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The NFL Players Association will warn free agents not to sign with the Bears if the Illinois State Senate passes a new bill designed to cut off opportunities for workers’ compensation disability benefits to professional athletes at age 35, rather than the current mark of age 67.

The bill is reportedly backed by the Bears’ owners, the McCaskey family, according to NFLPA executive director DeMaurice Smith. The McCaskey family has not made a public statement.


“I will tell you from the bottom of my heart that this union will tell every potential free-agent player, if this bill passes, to not come to the Bears,” Smith told Chicago radio station 670-AM. “Because, think about it, if you’re a free-agent player and you have an opportunity to go play somewhere else where you can get lifetime medical for the injury you’re going to have, isn’t a smarter financial decision to go to a team where a bill like this hasn’t passed?”

The (very weak) reasoning for the bill is that professional athletes typically do not play much longer after age 35, and so they should not be eligible for all forms of disability benefits past that point. Opponents of this faulty logic have noted that many professional athletes actually do not make too much money, and so those most impacted here are likely not NFL players but athletes from far smaller leagues—MLS and the National Women’s Soccer League both have teams in Illinois, as do several minor-league baseball and hockey franchises in addition to a Champions Indoor Football team and a National Pro Fastpitch team, alongside many others. In short, there are a lot of athletes who stand to be affected.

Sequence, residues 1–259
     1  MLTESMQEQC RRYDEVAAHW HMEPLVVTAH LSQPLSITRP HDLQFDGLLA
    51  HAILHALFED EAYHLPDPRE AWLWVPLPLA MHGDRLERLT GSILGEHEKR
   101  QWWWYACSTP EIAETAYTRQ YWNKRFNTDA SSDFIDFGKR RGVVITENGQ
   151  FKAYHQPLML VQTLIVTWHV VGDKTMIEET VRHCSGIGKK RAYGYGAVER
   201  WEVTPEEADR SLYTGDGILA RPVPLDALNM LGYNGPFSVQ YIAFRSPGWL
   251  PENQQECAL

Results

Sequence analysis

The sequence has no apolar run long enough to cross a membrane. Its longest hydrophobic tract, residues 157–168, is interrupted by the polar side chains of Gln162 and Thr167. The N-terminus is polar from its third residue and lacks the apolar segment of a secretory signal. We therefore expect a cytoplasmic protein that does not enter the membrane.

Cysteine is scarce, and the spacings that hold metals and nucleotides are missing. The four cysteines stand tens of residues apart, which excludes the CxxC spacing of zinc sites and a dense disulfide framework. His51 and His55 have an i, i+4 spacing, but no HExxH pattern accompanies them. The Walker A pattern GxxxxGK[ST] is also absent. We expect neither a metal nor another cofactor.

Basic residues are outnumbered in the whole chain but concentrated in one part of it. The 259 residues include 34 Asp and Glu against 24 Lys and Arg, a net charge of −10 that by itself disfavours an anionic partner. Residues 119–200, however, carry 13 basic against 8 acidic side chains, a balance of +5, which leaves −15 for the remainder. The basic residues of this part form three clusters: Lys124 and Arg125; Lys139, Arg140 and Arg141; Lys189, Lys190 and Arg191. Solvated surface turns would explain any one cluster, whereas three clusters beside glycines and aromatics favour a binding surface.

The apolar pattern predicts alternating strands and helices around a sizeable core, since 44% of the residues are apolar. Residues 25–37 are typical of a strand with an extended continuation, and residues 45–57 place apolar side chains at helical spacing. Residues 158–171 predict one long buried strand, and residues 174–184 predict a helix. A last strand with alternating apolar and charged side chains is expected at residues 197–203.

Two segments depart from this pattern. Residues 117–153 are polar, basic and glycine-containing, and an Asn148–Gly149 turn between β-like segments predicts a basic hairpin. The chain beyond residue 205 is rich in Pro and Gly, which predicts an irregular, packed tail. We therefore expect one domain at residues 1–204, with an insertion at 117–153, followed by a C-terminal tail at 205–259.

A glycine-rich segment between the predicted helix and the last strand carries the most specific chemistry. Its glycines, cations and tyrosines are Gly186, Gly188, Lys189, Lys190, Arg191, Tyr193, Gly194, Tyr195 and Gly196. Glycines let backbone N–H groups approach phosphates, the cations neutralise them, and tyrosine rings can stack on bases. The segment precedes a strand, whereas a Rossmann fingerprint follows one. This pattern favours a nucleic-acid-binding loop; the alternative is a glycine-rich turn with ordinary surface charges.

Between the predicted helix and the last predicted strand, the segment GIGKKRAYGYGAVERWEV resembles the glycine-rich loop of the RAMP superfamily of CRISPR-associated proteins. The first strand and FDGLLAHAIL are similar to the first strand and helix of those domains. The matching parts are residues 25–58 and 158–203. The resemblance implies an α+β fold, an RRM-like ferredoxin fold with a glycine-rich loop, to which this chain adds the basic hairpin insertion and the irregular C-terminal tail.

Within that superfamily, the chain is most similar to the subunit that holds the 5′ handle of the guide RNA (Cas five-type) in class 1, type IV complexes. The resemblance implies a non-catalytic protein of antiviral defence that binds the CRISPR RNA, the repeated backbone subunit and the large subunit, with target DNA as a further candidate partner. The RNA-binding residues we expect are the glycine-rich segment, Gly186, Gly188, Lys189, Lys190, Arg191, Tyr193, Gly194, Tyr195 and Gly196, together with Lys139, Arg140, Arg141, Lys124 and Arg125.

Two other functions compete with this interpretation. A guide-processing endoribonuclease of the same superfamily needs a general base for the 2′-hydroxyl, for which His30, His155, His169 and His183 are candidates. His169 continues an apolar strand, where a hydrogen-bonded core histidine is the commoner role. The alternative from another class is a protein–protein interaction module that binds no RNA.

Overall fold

The Bears responded to Smith with a mealy-mouthed statement, claiming to understand both sides here: “We join the four other major professional Chicago teams in monitoring and supporting changes to the system that protect athletes’ rights under the workers’ compensation system while acknowledging athletes are not competing professionally until age 67.”

The team did not say anything regarding Smith’s claim that its owners were backing the bill.

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